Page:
Love is good at knowing when you're ready for it, you get in line with it, and it lines up with you in return. Eventually, a little bit of love gets in, all your insides get a full once-over, imagine a bubble tea enema, but swap out poo for sins. See, there we have that wonderful word again… bubbles!

I wonder if Shakespeare had a little secret list of word alternatives for love? Because it's a bit overdone now. I would love to be able to speak as loud as a subwoofer at the club, and that would be my word alternative for love. Just booming, endless BASS.

The song also serves as a parting prayer of sorts to a Lady I grew up with. She mothered two wild boys all on her own, and she was mad as a cut snake, and she was beautiful. I was very close with these boys, especially the older one, because we were similar in age. I would stand on his bike pegs, and we would cruise around the long streets, doing a bit of egging, grinding up sparklers, getting bitten by one million things in the mangroves. He'd come by with a plastic bag full of pestilent toads, and we'd put them in the freezer to die.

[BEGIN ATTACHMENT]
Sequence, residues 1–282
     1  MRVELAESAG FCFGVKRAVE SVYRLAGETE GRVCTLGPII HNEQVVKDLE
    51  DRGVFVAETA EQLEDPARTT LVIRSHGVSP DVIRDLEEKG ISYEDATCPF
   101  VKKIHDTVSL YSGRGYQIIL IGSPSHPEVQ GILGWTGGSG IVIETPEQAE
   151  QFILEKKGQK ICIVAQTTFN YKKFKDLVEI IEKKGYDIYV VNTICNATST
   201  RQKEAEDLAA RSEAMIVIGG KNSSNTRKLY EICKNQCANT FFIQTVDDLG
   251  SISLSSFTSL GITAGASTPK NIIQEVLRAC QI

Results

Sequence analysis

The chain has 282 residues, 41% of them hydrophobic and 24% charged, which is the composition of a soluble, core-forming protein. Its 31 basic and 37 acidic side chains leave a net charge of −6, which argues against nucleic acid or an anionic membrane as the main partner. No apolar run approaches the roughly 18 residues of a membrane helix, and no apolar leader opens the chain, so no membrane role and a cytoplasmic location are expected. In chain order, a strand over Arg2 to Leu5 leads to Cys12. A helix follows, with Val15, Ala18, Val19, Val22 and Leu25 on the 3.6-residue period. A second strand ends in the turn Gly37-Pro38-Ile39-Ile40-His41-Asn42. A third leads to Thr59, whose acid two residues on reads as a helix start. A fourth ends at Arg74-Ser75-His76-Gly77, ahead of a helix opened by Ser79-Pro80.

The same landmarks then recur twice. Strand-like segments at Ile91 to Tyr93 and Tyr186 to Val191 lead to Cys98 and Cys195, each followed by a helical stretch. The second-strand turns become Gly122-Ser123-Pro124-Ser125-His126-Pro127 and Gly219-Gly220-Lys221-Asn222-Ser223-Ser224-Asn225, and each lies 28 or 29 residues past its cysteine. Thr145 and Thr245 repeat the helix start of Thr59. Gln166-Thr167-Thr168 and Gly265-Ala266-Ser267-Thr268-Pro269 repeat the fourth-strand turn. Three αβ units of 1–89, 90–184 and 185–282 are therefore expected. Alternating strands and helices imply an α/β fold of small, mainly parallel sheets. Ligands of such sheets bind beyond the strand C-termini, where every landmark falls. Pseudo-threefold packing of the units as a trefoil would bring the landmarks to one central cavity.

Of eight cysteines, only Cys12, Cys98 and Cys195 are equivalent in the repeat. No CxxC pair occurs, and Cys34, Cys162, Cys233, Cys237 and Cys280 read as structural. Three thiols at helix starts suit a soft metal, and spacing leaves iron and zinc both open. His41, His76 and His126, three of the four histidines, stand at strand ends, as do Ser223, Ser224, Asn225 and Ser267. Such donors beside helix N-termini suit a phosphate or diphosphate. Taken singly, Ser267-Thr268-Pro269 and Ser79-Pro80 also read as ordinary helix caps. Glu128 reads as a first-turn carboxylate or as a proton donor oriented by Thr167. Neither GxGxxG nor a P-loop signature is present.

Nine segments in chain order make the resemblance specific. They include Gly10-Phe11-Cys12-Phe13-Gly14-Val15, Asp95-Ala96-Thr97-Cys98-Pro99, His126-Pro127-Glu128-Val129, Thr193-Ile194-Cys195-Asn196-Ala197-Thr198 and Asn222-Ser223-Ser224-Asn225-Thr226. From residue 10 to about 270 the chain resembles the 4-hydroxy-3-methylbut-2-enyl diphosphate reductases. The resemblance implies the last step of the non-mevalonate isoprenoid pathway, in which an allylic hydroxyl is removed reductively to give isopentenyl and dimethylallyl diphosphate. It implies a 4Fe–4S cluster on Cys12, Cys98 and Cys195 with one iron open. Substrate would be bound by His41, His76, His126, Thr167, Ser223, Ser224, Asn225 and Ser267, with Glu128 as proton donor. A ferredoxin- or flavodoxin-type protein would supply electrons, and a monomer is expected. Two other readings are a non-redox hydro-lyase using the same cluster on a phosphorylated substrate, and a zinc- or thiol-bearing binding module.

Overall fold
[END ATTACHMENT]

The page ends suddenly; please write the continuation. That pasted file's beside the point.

The family got two pet rats that ended up turning into a rat colony. We let them all go in the park at dusk, little young rats, they ran so fast into the woods, then these owls came down and got 'em all. It was intense for me, but the boys loved every minute. RIP Lee Lee, you're in Zero-Gs now.

Been Bad

Clearly a song about staying up too long, being bad. We played it too fast because we were rushing to record all the beds in a couple of days or something illogical and difficult like that. So we slowed the track down a little in post-production, which adds to the bad acid-trip-energy. But it should be waaaay slower. Like 3bpm. I'm going to make friends with a metronome and use a click track every time I record from now on; that's when shit’s gonna get soo ploddy, so absent of groove, so plod-dy, people might have to think of a new word, I personally can't wait. Maybe just plod will do? I'm serious.

Funny Shapes

It's a song about some of that good old interpersonal drama. However, after its completion, it's clear to me that the song solely exists so that Carolyn could record one million little layers of tiny dancing piano squirts that weave around, hitherto. I hate that I have to strain to listen; every note is like when a dumpling pops under a chopstick, boiling hot but cute.